Budget 2012: Conservative War of Attrition on the Young
Well, they did one thing right: they ditched the penny. Good riddance, it’s expensive and largely pointless. Phasing it out is long overdue.
Beyond that, the Conservatives’ 2012 Federal Budget is all bad news.
It’s not as extreme as it could have been but that shouldn’t be as big a surprise as it seems to be to some. Stephen Harper has been busy trying to convince everyone that he’s a moderate Conservative and positioning the Conservatives has Canada’s natural governing party. Incrementalism is an important tool towards that end.
Slow Boat to Conservative Nirvana
It’s been obvious that the Conservatives were adopting an incrementalist approach almost from day one of their election to a weak minority in 2006. Over a long period of time this will take us to their Conservative nirvana of a small Federal government, low taxes, few benefits and unrestrained businesses.
That they plan to largely place the costs on the people who will likely never be able to access existing benefits isn’t exactly news either. The older cohorts who tend to vote for the Conservatives will continue to receive all the benefits that they have always had.
The young will pick up the transition costs and then have to spend their later years living in the Conservatives’ small government nirvana.
Blatant Generational Warfare
By now, it should be obvious to all that I’m opposed to the Conservatives economic principles and that I don’t buy into the “small government” nonsense that they spout. However, they have won a majority government so I’m not really all that shocked that they’re going to govern from that philosophy, discredited as it is.
What’s really appalling is that with this budget, Generational Warfare is now the policy of this Government.
While it is incremental, everything about this budget adds up to a pattern of expecting young people to pay for their elders existing benefits, receive less benefits themselves, have less security that programs will exist and have to also save more for their own retirements. This represents a massive financial squeeze on cohorts already facing heavy economic burdens.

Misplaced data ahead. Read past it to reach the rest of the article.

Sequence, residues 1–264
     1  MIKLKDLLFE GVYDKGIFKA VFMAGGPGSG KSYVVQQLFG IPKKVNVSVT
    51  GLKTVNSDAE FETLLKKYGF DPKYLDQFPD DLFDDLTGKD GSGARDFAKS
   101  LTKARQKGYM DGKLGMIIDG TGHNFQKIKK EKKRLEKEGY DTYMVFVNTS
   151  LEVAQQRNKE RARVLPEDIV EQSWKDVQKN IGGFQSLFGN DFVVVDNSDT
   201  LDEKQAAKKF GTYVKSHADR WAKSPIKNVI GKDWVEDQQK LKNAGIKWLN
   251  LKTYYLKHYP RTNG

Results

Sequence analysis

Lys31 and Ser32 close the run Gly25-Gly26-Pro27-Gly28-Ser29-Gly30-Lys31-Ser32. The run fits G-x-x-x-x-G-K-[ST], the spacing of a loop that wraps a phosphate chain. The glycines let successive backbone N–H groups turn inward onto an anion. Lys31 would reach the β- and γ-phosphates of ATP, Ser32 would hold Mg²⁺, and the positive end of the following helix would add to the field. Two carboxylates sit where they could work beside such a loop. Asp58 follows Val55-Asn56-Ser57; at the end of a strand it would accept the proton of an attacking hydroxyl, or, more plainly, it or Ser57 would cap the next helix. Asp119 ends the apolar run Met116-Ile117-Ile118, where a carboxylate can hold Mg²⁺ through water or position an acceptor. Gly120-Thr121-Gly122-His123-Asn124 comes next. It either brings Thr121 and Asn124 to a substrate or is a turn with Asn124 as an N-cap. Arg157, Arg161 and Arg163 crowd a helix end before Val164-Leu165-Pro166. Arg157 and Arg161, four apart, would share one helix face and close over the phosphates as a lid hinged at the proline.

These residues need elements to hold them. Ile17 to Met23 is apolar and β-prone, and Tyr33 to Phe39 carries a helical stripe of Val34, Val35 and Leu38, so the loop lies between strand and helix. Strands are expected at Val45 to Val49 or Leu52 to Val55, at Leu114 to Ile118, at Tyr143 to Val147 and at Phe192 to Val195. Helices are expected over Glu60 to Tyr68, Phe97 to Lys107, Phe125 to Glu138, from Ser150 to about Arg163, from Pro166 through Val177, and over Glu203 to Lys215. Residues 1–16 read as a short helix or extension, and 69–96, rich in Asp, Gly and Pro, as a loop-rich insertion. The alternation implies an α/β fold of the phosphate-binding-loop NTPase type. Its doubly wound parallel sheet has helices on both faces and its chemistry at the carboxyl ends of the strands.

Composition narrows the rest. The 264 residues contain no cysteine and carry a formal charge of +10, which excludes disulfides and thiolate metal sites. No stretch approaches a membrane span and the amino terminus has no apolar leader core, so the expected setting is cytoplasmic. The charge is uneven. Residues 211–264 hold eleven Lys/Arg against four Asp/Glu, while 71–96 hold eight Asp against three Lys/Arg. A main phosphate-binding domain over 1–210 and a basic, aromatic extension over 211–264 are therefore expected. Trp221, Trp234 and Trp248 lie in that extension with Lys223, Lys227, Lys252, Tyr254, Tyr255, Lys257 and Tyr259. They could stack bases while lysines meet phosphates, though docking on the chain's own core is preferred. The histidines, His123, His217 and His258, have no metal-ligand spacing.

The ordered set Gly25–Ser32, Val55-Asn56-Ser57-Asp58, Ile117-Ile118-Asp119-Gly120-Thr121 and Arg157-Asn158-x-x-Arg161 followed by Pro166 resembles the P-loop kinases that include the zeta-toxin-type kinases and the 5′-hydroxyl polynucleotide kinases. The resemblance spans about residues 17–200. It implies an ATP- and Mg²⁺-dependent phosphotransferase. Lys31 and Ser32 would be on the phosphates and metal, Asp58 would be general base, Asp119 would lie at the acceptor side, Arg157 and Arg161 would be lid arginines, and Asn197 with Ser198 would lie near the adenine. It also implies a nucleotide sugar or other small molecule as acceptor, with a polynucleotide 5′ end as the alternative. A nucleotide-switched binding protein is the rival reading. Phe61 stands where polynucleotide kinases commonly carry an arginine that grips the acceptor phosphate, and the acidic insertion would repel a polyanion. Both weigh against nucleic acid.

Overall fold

For example, the OAS adjustments will only affect everyone 54 and younger. Almost the entire boomer cohort will therefore have access to the existing benefits, despite lifespans much longer then their parents, while younger people pay the tab. They will not have to bear any of the costs of transitioning to a higher retirement age. This is being done to insure the program is “sustainable,” even though the evidence shows the program is sustainable as is.
Deferring Expenses to the Next Generation
In a similar vein, public service pensions are going to be restructured to “defined contribution” plans, again primarily affecting young people joining the civil service, while leaving existing civil servants with their defined benefits plans.
The previously announced changes to the Health Transfers are also set to occur not long after Boomers begin to retire, setting the stage for tax increases, particularly in have not provinces, that will largely fall upon younger cohorts.
As for the environment, the current “plan” appears to be based on the naive belief that the resource boom will continue indefinitely. This belief, as many Albertans will tell you, easily catches on with politicians and usually has catastrophic consequences for the public. Moreover, the budget sets the country on the course of rapidly exploiting natural resources now and in the near future to continue to sustain boomer benefits and entitlements.